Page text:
MANZINI, Eswatini

Police in the southern African country of Eswatini — commonly known as Swaziland — are knocking on the doors of villagers to seize ostriches and detain their owners.

While the police say that under the Game Act, ostriches cannot be confined or captured, people argue that only hunting was disallowed by the law.

“About 50 policemen raided my home. They were intimidating and it was like an invasion. They frightened us,” said Ntombi Simelane, a villager who had domesticated few ostriches.

She said her family had developed a bond with these large birds and their seizure has left a big void to the extent that her husband has gone into depression.

Simelane said they had brought ostriches to save their livestock from thieves. She said these big birds save them from patrolling and keep tabs on their livestock during the night.

Farmers in many African countries domesticate and use ostriches for herd protection, as they are believed to have great eyesight and are very fast to chase attackers.

But the police officer Nosipho Mnguni said the authorities were getting reports that villagers were breeding these large birds for commercial purposes.

Sibusiso Nhlabatsi, a human rights lawyer said the provisions of the Game Act, which authorities are using to detain villagers only penalize hunting of ostrich.

“It [the law] does not prohibit owning an ostrich. Further on the scheduled list that prohibits from owning certain animals, ostrich is not amongst those animals,” he said.

He said the police in league with Big Game Parks — a private non-profit trust which manages three-game reserves in Swaziland – are harassing villagers unnecessarily.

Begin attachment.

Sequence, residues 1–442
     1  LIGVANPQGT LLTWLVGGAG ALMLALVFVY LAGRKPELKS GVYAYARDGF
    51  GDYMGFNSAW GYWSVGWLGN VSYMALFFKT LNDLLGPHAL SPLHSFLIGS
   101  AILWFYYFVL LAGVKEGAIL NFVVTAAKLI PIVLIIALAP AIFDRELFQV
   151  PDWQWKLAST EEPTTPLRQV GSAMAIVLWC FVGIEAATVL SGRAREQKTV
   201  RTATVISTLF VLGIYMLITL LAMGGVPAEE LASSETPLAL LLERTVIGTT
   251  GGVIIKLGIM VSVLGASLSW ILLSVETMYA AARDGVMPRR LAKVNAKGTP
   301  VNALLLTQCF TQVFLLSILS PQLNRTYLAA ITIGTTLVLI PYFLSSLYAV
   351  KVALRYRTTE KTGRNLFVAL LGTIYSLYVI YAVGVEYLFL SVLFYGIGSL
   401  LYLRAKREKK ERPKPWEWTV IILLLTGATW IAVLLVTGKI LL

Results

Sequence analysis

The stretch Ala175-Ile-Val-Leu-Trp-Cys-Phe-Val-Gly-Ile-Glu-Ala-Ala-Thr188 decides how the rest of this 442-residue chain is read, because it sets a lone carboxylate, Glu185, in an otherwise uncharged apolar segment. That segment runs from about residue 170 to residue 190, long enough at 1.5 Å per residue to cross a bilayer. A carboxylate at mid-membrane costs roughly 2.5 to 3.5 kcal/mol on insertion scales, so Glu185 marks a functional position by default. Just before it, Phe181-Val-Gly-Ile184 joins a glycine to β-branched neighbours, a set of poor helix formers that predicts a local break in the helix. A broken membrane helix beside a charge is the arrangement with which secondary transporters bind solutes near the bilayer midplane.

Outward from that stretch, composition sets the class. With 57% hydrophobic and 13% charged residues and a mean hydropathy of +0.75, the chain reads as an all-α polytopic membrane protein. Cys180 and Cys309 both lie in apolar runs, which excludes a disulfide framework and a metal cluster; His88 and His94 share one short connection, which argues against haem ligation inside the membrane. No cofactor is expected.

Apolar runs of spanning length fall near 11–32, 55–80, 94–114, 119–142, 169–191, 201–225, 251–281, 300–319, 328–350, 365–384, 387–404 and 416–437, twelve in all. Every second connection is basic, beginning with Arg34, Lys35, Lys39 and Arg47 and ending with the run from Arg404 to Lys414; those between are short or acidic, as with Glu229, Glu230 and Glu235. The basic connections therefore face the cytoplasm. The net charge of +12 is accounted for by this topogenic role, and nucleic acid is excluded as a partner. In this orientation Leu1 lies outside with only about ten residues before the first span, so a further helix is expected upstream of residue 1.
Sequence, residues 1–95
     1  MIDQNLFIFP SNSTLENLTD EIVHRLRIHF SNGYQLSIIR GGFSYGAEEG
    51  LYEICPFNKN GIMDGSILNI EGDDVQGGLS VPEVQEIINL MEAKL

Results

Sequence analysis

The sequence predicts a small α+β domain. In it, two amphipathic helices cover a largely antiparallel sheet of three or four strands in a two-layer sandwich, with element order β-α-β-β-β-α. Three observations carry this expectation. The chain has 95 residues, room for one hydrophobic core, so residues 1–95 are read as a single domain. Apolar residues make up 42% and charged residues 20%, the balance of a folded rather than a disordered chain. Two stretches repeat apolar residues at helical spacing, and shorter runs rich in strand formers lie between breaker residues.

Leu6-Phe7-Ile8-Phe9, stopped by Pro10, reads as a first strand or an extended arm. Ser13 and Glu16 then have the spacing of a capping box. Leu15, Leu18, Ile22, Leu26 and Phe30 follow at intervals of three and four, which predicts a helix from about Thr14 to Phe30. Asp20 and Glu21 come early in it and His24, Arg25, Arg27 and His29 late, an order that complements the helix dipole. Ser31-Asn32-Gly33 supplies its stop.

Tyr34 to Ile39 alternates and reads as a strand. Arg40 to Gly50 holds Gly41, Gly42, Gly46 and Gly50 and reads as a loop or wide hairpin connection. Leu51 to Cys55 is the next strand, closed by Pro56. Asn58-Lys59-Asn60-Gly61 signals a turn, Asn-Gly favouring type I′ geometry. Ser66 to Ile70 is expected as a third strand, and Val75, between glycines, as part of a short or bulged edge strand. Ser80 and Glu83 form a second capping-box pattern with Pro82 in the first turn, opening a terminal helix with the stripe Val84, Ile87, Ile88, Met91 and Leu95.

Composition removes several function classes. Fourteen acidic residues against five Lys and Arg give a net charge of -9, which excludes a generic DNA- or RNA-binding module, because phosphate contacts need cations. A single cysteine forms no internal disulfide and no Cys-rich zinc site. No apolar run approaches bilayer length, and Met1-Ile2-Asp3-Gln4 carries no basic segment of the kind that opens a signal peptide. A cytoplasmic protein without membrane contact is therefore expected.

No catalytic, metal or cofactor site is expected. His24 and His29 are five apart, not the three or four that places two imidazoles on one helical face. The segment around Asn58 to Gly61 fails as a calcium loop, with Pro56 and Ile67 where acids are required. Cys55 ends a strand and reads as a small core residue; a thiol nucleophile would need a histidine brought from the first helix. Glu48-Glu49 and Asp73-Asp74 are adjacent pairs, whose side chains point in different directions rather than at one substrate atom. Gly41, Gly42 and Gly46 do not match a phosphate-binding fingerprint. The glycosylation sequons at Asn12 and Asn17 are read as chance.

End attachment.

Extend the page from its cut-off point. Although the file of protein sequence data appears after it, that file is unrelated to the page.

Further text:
Mick Reilly, conservation and security executive at Big Game Parks said his organization along with police were jointly enforcing the law to disallow people keeping protected specifies in their backyard away from their habitat.

In a written statement sent to Anadolu Agency, he said the Games Act applied to the whole of Eswatini.

“While some persons may plead ignorance of the law, this, unfortunately, is not a valid defense,” reads the statement.

On the allegations of villagers that his organization does not allow them to obtain permits to keep ostriches, he said the practice has been temporarily suspended as large-scale violations and illegal trade of animals was reported.

Chairperson of Swaziland Justice Agenda, Sivumelwano Nyembe, pointed out that wildlife management has become an issue in the kingdom.

He said that the official body Eswatini National Trust Commission (ENTC), designed to take care of wildlife is regulated by different relations and has limited powers.

But the private entity Big Game Parks has been given limitless powers under the Game Act. “The superior Game Act gives the private trust sweeping powers over custody national conservation management. This is a problem. Unlike ENTC, Big Game Parks is not answerable to parliament,” he said.

Reilly, however, said that keeping wild animals requires permits from the Wildlife Department, which comes directly under the office of the king.

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